Such therapies might have the potential to protect against anthrax during the late stages of the disease, after antibiotics have lost their therapeutic value, they added.
The team found that human cells deficient in the so-called LDL receptor-related protein (LRP6) become resistant to anthrax toxin. Furthermore, antibodies against LRP6 protected cells from anthrax toxicity, reported study authors Wensheng Wei and Stanley Cohen of the Stanford University School of Medicine in collaboration with others at Stanford and the National Institutes of Health. The level of anthrax protection afforded by the antibodies rose with increasing dose.
Anthrax is a lethal disease of humans and other animals caused by the spore-forming bacteria Bacillus anthracis, which has been the focus of biological interest and bioterrorism concern. The virulence of the bacteria depends on separate complexes formed by interaction of a carrier protein, protective antigen, with lethal and edema factors responsible for the toxic effects and swelling that impairs the host's immune response.
In the current study, the researchers inactivated genes randomly in human cells. They then examined the mutated cells for resistance to anthrax toxin in an effort to identify host genes that have important roles in infection, with the hope of finding possible new targets for therapies aimed at the host instead of the bacteria. The method allows for the identification of required host cell genes without pre-conceptions about their potential to play a role, the study authors said.
The study revealed that LRP6 acts as a co-receptor, enabling cells to take up anthrax toxin through its interactions with two distinct cell- surface proteins earlier shown to bi nd the "protective antigen carrier" of anthrax toxin, allowing its delivery into cells.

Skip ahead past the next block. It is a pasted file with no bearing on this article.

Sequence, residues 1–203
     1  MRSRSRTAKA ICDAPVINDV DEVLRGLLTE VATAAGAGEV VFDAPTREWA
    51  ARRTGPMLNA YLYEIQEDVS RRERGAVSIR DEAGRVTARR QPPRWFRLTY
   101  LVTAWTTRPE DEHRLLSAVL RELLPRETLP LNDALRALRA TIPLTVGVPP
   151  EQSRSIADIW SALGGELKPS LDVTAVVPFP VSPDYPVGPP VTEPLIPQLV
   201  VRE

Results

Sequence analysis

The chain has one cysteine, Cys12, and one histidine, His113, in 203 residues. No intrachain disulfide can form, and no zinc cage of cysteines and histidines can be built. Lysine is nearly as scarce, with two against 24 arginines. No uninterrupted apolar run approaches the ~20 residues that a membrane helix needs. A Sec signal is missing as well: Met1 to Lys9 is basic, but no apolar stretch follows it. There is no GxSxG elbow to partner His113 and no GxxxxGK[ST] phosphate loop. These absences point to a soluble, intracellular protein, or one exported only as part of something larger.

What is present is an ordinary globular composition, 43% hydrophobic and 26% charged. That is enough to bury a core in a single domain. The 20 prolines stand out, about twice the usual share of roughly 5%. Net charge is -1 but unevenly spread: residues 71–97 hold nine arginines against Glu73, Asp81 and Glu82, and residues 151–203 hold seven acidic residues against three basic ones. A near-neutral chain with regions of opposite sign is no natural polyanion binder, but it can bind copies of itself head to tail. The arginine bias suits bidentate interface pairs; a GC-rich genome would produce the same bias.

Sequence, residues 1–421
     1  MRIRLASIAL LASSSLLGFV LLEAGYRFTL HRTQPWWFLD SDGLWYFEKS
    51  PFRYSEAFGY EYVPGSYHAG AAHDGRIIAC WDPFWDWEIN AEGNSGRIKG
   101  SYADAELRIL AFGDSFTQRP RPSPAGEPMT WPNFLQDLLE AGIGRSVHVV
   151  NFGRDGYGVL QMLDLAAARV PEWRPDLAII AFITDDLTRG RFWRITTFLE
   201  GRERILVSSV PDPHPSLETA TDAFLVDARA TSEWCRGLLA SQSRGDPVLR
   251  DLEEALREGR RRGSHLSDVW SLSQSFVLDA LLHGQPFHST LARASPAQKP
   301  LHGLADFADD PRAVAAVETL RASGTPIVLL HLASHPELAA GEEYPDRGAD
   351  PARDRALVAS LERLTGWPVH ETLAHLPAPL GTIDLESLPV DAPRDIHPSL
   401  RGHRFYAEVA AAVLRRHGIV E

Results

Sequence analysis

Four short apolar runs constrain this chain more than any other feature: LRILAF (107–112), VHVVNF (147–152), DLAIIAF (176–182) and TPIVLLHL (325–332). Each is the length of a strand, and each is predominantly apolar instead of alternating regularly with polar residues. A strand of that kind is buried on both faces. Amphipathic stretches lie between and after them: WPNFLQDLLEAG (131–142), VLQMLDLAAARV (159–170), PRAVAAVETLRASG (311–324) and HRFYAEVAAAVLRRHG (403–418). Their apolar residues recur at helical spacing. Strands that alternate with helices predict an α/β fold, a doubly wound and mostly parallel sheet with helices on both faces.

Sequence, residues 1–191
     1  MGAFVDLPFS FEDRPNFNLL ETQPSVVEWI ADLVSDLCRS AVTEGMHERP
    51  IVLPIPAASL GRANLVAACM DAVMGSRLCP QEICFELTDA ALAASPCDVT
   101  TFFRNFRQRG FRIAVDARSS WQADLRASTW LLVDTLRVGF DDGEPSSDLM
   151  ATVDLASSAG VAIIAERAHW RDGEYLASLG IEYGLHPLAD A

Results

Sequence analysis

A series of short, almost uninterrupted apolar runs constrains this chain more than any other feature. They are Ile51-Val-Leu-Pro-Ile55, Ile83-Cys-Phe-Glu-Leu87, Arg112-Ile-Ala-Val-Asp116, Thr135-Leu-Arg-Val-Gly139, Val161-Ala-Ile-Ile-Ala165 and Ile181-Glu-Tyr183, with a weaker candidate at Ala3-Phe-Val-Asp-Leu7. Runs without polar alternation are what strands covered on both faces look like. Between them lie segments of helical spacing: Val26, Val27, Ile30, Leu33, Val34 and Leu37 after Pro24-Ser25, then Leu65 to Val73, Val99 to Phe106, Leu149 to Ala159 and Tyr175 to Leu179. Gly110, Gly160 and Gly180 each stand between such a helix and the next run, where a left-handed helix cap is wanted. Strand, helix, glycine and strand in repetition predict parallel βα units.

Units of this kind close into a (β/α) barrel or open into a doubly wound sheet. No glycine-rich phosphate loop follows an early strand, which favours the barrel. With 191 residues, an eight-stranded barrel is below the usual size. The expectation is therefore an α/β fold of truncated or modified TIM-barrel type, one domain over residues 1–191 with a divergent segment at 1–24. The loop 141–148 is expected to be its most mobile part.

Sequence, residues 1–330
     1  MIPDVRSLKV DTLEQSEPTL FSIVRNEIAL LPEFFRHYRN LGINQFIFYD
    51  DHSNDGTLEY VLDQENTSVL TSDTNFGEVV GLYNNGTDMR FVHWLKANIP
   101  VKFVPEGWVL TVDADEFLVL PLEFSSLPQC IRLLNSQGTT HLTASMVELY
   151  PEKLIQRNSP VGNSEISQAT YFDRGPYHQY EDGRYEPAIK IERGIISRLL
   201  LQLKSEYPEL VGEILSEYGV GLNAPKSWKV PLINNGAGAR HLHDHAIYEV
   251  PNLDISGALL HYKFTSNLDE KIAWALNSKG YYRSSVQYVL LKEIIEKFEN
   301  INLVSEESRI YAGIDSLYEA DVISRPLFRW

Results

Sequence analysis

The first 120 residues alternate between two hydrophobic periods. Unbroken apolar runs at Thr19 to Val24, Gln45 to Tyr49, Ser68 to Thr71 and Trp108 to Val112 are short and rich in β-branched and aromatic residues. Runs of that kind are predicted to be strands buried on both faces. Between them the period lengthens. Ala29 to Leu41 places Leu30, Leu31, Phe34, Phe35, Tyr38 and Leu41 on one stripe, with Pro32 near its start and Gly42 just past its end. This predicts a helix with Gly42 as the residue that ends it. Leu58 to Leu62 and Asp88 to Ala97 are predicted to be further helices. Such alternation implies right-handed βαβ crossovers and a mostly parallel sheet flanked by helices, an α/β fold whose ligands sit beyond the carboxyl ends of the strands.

The new findings "reveal a previously unsuspected biological role" for LRP6, a gene earlier found to play important roles in pathways underlying early development and cell proliferation, the researchers said. The discovery also suggests potential new avenues for treating late-stage anthrax disease, they added.
While antibiotics, such as Cipro, can fight the anthrax bacteria when the disease is caught early, such drugs do nothing to dispel the accumulated toxin, the researchers explained. In contrast, drugs that target the host protein LRP6, or other components of the host machinery integral to the toxin's internalization, might offer a novel method to prevent the toxin from infiltrating and killing cells.
"Our discovery of the role of LRP6 in anthrax toxicity and the demonstration that antibodies directed against the extracellular domain of LRP6 can protect cells grown in culture against killing by anthrax toxin suggest that the immunological targeting of LRP6 may prove useful in protecting against the effects of accumulated toxin during the late stages of anthrax disease when antibacterial methods normally are no longer of therapeutic value," the researchers wrote.